Acadia National Park, Maine
Stock your tacklebox with plenty of gear because this park offers saltwater and freshwater fishing throughout its lakes, ponds and coastal shorelines.
• The catch: Bluefish, brook trout, brown trout, cod, landlocked salmon, mackerel, small and largemouth bass, pollock, striped bass, yellow perch
• Regulations: https://www.nps.gov/acad/planyourvisit/fishing.htm
Biscayne National Park, Florida
The aquamarine waters off of Miami are home to some of saltwater anglers’ most prized catches. Much of the preserve is accessible only by boat, so rent one or charter a guide.
• The catch: Bonefish, permit, snook, tarpon
Glacier National Park, Montana
Fish the cold, crystal waters of the Flathead River and hundreds of mountain lakes. Even the most focused of anglers will likely be distracted by the rugged splendor of the breathtaking scenery here.
• The catch: Brook trout, bull trout, westslope cutthroat trout
• Regulations: https://www.nps.gov/glac/planyourvisit/fishing.htm
Glen Elder State Park, Kansas
At Waconda Lake—one of the state’s largest—you’ll have 12,500 acres to fish. What you won’t have is much shade, so throw a hat and sunscreen into your pack.
• The catch: Black bass, catfish, crappie, walleye, white bass wipers
• Regulations: http://ksoutdoors.com/Fishing/Fishing-Application-and-Fees
Great Smoky Mountains National Park, North Carolina and Tennessee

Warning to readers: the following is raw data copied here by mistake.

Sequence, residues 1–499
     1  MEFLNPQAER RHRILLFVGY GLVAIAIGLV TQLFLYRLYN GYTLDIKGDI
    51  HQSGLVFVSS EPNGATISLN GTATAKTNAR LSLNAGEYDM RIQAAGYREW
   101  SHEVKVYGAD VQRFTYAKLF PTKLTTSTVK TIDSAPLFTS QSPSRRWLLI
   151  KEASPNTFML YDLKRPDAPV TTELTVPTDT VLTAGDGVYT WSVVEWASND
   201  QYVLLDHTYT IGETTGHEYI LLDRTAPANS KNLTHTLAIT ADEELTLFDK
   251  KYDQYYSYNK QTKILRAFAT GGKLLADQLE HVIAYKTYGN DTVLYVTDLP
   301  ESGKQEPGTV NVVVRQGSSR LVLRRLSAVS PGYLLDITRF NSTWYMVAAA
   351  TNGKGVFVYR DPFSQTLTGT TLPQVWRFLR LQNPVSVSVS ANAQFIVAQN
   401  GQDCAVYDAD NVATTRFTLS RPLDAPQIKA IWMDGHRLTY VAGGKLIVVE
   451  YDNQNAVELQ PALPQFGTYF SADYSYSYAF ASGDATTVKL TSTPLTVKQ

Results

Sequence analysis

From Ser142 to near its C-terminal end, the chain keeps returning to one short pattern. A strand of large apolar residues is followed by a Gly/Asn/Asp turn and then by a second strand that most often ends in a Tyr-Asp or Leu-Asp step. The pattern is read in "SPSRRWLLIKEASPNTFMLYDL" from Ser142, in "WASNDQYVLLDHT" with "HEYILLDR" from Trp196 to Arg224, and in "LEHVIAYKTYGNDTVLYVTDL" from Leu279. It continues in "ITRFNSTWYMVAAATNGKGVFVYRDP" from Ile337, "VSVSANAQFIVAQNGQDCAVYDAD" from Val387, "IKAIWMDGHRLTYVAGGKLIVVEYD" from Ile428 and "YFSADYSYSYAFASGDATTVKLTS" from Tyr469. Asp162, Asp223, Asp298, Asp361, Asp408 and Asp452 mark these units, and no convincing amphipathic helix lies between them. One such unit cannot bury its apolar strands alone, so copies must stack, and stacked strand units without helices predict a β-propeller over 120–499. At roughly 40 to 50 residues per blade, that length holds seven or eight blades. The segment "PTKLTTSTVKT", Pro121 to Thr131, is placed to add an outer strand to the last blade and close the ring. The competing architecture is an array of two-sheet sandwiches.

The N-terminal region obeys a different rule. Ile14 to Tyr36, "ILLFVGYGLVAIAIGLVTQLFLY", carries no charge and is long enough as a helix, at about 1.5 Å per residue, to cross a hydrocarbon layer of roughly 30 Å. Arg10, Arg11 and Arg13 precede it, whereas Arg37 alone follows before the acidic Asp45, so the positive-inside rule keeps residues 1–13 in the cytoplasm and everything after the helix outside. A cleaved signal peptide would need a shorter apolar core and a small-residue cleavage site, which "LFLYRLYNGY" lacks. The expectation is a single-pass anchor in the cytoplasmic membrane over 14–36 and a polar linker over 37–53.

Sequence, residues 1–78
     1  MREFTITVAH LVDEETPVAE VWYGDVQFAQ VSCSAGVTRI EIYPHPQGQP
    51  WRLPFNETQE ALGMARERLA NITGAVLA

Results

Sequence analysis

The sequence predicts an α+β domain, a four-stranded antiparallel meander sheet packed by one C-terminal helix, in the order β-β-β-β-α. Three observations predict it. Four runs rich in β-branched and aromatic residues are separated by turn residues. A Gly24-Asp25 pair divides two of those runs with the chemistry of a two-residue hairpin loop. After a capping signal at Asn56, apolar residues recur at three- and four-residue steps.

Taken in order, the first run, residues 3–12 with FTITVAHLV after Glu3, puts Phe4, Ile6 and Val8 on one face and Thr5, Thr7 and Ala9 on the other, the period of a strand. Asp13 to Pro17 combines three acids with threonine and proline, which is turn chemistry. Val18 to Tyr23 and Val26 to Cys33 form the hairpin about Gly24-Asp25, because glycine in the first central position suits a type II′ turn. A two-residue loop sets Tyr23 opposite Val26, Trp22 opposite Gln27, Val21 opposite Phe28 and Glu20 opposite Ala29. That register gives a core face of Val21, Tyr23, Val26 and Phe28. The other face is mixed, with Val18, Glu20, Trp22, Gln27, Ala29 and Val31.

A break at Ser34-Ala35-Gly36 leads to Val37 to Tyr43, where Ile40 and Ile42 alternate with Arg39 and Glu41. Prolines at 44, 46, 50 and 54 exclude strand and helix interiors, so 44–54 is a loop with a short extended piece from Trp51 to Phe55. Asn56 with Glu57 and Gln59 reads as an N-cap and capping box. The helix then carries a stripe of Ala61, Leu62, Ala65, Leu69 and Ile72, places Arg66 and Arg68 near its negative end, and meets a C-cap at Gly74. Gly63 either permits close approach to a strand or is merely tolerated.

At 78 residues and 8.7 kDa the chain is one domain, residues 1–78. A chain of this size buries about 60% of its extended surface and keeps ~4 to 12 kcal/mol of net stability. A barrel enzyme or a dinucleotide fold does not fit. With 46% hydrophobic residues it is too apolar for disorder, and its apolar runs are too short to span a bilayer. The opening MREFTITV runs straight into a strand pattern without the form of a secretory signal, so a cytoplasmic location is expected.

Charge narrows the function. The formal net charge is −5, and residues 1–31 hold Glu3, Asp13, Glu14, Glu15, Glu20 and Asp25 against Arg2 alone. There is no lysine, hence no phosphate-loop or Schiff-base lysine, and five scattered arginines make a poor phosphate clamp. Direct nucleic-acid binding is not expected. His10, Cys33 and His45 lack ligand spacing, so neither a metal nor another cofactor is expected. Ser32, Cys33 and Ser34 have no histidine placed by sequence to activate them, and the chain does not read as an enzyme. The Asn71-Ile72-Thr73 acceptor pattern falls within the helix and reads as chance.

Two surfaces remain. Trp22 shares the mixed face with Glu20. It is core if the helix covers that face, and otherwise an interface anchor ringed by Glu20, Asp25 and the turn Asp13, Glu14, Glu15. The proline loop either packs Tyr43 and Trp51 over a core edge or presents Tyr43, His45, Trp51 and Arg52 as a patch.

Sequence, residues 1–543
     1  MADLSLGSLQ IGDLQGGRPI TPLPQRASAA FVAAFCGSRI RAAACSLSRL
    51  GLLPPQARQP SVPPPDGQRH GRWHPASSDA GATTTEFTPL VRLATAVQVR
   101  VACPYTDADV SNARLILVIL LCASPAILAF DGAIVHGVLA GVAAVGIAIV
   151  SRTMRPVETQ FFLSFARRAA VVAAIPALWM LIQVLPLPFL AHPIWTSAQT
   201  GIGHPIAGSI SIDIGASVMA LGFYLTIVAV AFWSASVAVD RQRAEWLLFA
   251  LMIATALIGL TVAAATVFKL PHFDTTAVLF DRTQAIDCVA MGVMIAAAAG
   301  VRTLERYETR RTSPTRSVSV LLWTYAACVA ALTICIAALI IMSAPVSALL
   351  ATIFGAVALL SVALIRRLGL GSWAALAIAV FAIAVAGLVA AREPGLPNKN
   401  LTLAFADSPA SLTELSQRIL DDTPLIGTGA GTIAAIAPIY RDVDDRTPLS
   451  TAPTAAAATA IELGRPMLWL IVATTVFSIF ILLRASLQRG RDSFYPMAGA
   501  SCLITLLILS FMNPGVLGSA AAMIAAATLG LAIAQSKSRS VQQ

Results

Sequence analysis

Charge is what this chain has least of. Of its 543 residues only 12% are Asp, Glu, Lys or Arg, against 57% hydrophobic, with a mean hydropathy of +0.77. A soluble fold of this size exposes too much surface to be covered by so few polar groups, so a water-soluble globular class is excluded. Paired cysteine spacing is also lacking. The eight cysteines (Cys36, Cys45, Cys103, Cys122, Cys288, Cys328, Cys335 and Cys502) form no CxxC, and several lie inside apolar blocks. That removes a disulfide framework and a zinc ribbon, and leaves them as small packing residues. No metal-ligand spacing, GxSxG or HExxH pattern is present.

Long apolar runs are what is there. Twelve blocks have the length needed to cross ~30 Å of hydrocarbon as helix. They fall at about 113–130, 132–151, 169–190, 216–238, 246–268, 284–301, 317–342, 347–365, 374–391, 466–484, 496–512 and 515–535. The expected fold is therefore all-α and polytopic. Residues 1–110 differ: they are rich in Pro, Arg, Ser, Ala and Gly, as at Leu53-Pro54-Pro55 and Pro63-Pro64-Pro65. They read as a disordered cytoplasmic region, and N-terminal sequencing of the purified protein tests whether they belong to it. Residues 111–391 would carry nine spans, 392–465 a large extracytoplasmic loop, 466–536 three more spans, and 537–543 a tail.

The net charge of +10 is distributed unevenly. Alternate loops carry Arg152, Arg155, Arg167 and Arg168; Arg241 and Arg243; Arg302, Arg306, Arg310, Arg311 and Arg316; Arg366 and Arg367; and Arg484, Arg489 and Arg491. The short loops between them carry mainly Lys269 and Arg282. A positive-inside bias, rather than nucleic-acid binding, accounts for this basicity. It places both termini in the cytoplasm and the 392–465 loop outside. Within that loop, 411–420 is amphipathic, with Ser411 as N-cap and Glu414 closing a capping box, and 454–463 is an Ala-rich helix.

With 2,900 miles of flowing water and fishing permitted year-round, you have virtually no excuse not to pull in a trout.
• The catch: Big rainbow trout, brown trout, smallmouth bass, wild brook trout
• Regulations: https://www.nps.gov/grsm/planyourvisit/fishing.htm
Jedediah Smith Redwoods State Park, California
Cast an in-line spinner into the peaceful Smith River and gaze up at the world’s tallest trees as you wait for a fish to hit.
• The catch: Salmon, steelhead trout
• Regulations: https://www.wildlife.ca.gov/Fishing
Matagorda Island State Park, Texas
What this barrier island lacks in modern amenities—there’s no electricity or drinking water—it makes up for in saltwater fishing.
• The catch: Pompano, redfish, sea trout, Spanish mackerel, tarpon
Olympic National Park, Washington
Some anglers insist fish are more likely to bite in the rain. Hopefully that’s true, because Olympic’s 4,000 miles of streams and rivers and 600 lakes get as much as 170 inches of rain each year.
• The catch: Char, salmon, sea-run cutthroat trout, steelhead
• Regulations: https://www.nps.gov/olym/planyourvisit/fishing.htm
Voyageurs National Park, Minnesota
Considered the unofficial “walleye capital of the world,” the interconnected waterways make up 40 percent of the park.
• The catch: Lake trout, muskie, northern pike, smallmouth bass, walleye
Yellowstone National Park, Wyoming/Montana/Idaho
Trout have lured anglers to this fly fishing paradise for well over a century. July is a favorite time for dry-fly fishing, while August is popular among those looking to fish the backcountry lakes.
• The catch: Brown trout, lake trout, rainbow trout, Yellowstone cutthroat trout
• Regulations: https://www.nps.gov/yell/planyourvisit/fishing.htm#fish_regs
10 of the best parks for fishing
In these 10 beloved parks, anglers will be rewarded with endless stretches of water, awe-inspiring views and—with any luck—a fish on the line.
July 27, 2018 11:57 AM
July 27, 2018 12:00 PM